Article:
OK, I consider myself rebutted.
You've lost me. What experiment are you referring to? It doesn't seem to be the one I described in the OP to this thread, which is the one I would like discussion to be focused on.
Polarizing beam splitter. One input, two outputs with probabilites $\cos(\Delta\theta)^2$ and $\sin(\Delta\theta)^2$
I think your post uses two equal probability outcomes which masks the problem to a large extent.
I understand what you wrote up to splitting, when suddenly there are two outcomes instead of one.

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Mentz114

Gold Member
Quantum indeterminacy only arises if you assume that only one result actually occurs. The MWI says that all possible results occur. So yes, there is no quantum indeterminacy in the MWI.
The equations that predict so well all experimental results assume indeterminacy and it is considered unimportant enough to drop ?

Derek P

The equations that predict so well all experimental results assume indeterminacy and it is considered unimportant enough to drop ?
Far too important not to drop, if, in fact, it is possible to do so. Which is kind of the point of Everett's work - to eliminate any reliance on physical indeterminacy. The projection postulate becomes a theorem (some would deny this, of course) based only on unitarity. Physical indeterminacy is superfluous; observed indeterminacy is derived in the physical argument that underpins MWI. Which I am not going to regurgitate here!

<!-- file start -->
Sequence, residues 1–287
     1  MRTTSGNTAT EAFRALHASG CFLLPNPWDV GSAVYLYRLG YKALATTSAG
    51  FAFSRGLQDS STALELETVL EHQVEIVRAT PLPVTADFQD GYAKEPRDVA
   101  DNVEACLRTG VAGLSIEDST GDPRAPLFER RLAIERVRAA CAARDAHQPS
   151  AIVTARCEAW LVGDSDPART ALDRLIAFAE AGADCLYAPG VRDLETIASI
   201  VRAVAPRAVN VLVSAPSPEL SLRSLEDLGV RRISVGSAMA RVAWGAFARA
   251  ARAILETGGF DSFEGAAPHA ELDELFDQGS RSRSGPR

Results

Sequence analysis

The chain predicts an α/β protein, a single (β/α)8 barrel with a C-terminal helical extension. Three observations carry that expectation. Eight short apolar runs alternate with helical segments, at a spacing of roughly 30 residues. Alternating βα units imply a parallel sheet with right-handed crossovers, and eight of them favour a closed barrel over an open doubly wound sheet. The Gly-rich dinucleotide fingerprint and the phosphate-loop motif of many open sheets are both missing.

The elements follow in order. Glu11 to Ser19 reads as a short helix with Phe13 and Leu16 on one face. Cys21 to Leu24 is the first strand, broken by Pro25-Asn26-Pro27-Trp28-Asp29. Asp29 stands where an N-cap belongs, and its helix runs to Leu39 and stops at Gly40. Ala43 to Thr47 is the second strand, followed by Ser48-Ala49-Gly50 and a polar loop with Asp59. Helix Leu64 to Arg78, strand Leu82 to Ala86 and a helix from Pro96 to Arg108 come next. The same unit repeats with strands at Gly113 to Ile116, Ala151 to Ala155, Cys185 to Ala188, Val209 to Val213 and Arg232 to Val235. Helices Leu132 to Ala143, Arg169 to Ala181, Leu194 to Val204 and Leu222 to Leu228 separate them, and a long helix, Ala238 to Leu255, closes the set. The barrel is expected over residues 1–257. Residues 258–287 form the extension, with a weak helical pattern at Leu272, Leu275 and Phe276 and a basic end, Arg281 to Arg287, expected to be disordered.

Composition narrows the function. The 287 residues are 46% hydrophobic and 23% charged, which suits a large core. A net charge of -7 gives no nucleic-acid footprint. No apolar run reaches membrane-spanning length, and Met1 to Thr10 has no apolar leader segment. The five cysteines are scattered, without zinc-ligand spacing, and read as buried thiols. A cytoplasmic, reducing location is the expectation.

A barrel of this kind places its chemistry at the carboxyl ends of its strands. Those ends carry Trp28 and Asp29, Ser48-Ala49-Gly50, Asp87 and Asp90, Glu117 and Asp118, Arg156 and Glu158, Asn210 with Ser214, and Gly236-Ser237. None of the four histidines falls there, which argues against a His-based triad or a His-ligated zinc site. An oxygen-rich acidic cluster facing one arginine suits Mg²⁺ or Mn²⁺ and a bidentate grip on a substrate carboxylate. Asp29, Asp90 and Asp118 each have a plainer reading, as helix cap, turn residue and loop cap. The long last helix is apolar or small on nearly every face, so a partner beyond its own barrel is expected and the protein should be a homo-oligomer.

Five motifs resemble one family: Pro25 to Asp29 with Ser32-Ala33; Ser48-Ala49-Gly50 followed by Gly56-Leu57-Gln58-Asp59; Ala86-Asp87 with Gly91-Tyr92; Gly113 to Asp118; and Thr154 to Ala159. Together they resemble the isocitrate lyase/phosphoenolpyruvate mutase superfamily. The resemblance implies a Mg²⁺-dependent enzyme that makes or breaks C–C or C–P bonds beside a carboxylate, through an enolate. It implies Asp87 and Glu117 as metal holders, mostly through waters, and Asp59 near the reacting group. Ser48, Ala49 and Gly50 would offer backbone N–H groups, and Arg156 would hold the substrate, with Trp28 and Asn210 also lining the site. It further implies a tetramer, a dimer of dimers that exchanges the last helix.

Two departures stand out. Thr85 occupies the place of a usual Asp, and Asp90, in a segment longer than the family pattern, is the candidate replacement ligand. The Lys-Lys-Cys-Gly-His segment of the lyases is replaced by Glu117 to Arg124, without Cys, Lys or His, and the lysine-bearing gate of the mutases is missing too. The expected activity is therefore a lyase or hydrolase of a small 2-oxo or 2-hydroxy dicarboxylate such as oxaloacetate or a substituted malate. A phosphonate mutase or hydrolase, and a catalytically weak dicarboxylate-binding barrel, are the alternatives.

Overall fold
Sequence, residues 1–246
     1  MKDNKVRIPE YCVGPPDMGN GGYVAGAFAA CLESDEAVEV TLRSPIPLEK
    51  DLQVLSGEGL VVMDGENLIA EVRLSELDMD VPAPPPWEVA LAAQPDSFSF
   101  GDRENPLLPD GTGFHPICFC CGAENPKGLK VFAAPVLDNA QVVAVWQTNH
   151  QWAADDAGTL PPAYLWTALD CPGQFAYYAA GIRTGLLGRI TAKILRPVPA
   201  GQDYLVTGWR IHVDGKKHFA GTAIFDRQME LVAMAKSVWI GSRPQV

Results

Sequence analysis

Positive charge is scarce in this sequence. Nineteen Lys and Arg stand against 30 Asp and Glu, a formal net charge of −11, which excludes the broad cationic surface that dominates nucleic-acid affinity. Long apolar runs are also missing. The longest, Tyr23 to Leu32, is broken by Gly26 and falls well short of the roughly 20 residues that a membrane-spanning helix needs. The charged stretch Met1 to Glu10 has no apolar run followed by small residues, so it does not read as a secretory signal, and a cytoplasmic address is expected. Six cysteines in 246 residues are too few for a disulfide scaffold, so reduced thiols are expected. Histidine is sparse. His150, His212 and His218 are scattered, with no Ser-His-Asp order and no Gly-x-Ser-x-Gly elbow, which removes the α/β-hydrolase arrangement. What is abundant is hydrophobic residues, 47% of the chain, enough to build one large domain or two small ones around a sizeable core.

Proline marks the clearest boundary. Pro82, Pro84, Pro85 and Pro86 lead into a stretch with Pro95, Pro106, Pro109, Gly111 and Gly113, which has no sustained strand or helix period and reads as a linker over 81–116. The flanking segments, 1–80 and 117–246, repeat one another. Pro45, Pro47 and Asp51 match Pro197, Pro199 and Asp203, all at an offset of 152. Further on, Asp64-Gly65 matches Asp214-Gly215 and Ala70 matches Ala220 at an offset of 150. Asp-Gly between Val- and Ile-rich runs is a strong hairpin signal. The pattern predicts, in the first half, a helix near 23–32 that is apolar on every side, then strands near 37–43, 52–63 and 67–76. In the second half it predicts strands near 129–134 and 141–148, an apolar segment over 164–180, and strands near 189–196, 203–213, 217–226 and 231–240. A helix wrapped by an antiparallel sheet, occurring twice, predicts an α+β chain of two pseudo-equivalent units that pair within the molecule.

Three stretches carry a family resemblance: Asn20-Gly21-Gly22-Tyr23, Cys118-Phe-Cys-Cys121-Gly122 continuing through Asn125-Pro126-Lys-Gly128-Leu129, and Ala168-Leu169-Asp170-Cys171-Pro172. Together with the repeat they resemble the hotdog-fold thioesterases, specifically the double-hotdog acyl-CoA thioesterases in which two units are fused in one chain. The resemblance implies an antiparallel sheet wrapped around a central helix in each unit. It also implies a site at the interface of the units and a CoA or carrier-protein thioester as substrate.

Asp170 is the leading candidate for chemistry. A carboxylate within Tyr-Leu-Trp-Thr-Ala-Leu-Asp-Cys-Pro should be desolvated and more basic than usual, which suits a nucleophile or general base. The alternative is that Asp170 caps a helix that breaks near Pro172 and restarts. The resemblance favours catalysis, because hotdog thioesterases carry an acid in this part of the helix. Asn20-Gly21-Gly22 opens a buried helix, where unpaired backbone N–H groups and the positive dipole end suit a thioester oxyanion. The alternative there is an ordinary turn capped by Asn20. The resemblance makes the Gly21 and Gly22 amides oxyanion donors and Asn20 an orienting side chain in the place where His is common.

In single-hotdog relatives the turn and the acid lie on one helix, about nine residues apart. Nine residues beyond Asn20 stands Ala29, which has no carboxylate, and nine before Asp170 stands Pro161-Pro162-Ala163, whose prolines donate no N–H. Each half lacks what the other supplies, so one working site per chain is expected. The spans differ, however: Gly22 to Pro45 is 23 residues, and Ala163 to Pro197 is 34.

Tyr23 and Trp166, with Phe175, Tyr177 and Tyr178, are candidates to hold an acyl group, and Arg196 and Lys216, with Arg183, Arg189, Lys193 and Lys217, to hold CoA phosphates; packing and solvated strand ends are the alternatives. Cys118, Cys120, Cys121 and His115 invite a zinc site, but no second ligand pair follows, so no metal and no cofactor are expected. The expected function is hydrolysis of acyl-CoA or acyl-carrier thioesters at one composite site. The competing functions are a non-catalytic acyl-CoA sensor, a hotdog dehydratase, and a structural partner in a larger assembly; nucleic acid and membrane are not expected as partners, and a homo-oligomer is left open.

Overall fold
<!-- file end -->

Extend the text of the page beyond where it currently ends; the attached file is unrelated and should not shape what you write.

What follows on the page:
Of course indeterminacy of the properties themselves doesn't come into this. They don't even exist in the WF.

PeterDonis

Mentor
Polarizing beam splitter
Ah, ok. Yes, with arbitrary coefficients that's the same experiment, schematically, as the one I describe in the OP. See below.

I think your post uses two equal probability outcomes
It does, but that's not essential to the question I was asking. You can substitute arbitrary complex numbers $a$ and $b$ such that $|a|^2 + |b|^2 = 1$ for the two coefficients if you want.
The point is that, in the MWI, both outcomes happen: both branches of the superposition occur. That's true whether the coefficients are equal or not.

The issue is how you assign any physical meaning to the coefficients in the MWI; that's another way of putting the question about the Born rule that I mentioned in my last post. Or, to put it another way, how do you figure out what the coefficients are in the state that is being prepared by some apparatus that you just came across? The Born rule is an essential part of doing that, so if it can't be justified under the MWI, then that's an issue with the MWI. MWI proponents seem to recognize this and have devoted quite a bit of effort in attempts to derive the Born rule within the MWI. I don't think any of those attempts are judged to be completely successful.

I understand what you wrote up to splitting, when suddenly there are two outcomes instead of one.